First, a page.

How to Use a Student Credit Card

When it comes to credit cards it’s very important to know key factors on how to use them correctly, especially as a student. If you don’t know how to properly use them, you could end up with a bad credit score or worse: end up in debt. To help prevent those scenarios, here are some tips you should know as a student.

You Choose Your Credit Card, not the Other Way Around

It’s important to not just apply for a credit card because you want a “free” new item, like a shirt or phone case. It’s important to research the company and see if the card you want is actually a good offer. Make sure to check for fees, interest rates and of course, compare it to other companies to see which offer is better and benefits you the most. Like stated in thebalance.com, the best credit cards for students to look for have no annual fees, low interest rates, and a low credit limit.

One Credit Card is Enough

As a student, you have a lot to pay for, especially when you think about your future. College includes having to pay for textbooks, food, rent, parking, and membership fees. Having just one credit card can help limit your spending. This will help you to not build up a ton of credit card debt. With one credit card, you can pay for most of those expenses and only focus on one card to pay off.

Control Your Spending

Don’t go over your credit limit! As a student, you might not focus on how much you spend, but it is very important to understand that getting too close to your credit limit makes it more difficult to pay it back in full at the end of each month. Also, know that credit bureaus do not like when you use more than 30% of your credit limit. To avoid overspending, keep track of the items you purchase and record them so you know if you are getting close to your limit.

Your Card, Your Money

Don’t let someone else use your card! When you apply for a credit card it’s for you to use, not anyone else. It’s your credit card, so it’s your responsibility. Allowing a friend or even a family member to borrow your credit card, even if they pay you back, is risky. Also, lending your credit card can cause you to get close to your credit limit because you don’t know how much they are planning to spend.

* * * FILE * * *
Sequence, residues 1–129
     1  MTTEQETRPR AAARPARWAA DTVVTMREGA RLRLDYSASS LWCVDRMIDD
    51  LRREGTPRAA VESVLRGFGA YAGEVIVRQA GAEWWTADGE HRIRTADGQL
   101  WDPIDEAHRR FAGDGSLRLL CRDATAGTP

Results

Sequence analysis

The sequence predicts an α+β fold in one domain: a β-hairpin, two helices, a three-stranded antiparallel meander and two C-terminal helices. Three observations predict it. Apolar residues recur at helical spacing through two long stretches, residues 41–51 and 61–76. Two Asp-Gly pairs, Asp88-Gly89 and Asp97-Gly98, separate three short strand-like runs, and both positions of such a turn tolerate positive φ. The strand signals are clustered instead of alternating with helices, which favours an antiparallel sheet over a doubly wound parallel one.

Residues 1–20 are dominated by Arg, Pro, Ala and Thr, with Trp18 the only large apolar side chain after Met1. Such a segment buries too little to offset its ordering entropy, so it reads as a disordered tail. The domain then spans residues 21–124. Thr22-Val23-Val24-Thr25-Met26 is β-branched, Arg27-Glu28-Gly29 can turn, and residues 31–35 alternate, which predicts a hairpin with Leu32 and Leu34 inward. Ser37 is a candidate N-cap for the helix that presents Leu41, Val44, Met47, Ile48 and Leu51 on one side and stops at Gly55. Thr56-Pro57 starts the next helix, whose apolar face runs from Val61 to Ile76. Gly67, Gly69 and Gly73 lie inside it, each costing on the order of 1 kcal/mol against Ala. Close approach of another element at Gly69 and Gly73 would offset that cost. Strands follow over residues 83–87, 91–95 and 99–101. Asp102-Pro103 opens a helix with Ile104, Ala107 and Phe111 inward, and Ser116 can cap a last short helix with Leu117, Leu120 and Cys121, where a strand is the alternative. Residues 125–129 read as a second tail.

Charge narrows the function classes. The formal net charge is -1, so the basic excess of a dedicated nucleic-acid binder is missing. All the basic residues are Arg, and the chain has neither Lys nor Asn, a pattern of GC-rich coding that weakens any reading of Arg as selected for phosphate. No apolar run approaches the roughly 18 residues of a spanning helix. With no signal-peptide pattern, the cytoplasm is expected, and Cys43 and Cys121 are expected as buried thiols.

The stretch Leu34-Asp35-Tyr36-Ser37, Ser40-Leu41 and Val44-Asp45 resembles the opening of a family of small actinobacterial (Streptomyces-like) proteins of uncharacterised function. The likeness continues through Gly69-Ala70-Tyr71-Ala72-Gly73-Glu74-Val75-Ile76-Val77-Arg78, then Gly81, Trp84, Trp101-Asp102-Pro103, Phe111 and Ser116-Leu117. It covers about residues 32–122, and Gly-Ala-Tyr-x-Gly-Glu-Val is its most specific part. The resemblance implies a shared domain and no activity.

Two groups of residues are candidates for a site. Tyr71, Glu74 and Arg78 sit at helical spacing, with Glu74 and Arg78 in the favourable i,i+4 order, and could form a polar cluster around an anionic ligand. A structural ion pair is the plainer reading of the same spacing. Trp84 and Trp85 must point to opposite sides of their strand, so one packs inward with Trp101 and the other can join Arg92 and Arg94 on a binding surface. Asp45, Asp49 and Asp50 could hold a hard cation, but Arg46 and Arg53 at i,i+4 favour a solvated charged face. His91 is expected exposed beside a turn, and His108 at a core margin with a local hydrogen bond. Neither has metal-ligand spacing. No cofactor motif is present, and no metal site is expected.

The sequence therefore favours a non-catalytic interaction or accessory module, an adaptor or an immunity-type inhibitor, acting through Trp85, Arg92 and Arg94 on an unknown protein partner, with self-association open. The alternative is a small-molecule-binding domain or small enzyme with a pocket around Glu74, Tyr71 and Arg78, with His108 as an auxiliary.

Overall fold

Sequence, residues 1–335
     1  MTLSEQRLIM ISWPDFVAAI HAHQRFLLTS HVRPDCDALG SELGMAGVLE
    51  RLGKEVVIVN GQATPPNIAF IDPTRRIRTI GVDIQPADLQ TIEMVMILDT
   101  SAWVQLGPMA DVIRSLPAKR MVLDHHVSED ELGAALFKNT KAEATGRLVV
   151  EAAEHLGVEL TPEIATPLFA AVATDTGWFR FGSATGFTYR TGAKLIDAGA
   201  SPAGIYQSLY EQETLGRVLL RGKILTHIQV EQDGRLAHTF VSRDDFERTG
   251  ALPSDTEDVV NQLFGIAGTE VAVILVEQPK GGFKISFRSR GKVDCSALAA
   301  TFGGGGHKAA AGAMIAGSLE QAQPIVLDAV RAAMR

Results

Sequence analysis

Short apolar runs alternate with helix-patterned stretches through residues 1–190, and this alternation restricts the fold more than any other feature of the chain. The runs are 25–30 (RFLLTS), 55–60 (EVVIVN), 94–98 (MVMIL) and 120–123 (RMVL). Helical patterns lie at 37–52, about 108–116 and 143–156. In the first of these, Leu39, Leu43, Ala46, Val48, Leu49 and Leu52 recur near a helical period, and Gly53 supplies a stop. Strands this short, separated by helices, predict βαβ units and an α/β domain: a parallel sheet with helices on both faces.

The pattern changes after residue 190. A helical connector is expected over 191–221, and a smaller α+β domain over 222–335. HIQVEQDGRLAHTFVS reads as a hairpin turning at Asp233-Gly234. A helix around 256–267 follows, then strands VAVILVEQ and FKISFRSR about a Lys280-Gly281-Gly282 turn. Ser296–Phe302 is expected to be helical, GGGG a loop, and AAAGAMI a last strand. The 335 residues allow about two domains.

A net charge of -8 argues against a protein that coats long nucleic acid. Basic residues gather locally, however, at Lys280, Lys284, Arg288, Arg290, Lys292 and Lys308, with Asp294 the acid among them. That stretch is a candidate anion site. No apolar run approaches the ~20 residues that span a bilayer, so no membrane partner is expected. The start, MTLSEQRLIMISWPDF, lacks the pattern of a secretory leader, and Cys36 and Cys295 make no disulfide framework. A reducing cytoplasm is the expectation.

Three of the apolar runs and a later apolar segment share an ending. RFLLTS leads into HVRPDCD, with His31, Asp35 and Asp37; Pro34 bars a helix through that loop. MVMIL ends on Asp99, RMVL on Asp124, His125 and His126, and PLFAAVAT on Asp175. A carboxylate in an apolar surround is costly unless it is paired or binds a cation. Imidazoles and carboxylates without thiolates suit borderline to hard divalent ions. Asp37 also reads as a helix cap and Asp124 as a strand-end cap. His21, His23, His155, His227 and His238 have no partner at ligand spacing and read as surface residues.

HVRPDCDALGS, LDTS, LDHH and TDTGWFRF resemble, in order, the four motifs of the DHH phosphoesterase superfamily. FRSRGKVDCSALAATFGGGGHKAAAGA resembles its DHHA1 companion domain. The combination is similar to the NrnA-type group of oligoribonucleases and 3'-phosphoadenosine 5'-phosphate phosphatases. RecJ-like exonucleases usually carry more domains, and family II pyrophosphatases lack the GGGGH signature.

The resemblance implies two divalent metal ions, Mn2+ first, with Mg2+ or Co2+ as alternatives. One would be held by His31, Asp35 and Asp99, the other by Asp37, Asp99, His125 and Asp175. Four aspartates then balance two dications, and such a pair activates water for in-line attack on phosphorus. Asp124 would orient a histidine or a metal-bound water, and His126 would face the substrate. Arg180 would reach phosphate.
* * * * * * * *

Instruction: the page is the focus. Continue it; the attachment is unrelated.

A Credit Card is Credit, not Debit

Credit cards and debit cards are two different things. Understanding that a credit card is not a debit card is important; don’t take cash out. This is known as a cash advance; credit card companies can charge from 2-5% cash advance fees and other fees due to the withdrawl. It’s important to stay away from cash advances and to read over the terms that go along with cash advances from your credit card company.

Credit cards have many uses, but it’s important to use them correctly. Keep these tips in mind once you receive your first credit card.


3 Ways to Help Your Teens Build Good Credit

When your teen finally takes the big leap and moves out of the house, they’re going to need a solid credit score for a lot of life steps: renting an apartment, getting a loan or finding a good deal on insurance.

For that reason, it’s important that teens build up their credit scores before they move out. There are a few ways you can prepare them for this in the years leading up to graduation.

  1. Make sure they have a checking account and debit card to go along with it
    Getting your teen started with their own bank account is a significant step in building their credit score without ditching their safety net. A teenager under 18 years old can still sign up for a debit card; they just need a co-signer. Since you are co-signing on the card, your personal account will be linked to your teen’s in case of an overdraft. With this checking account and debit card, you should also teach your teens the importance of managing money well.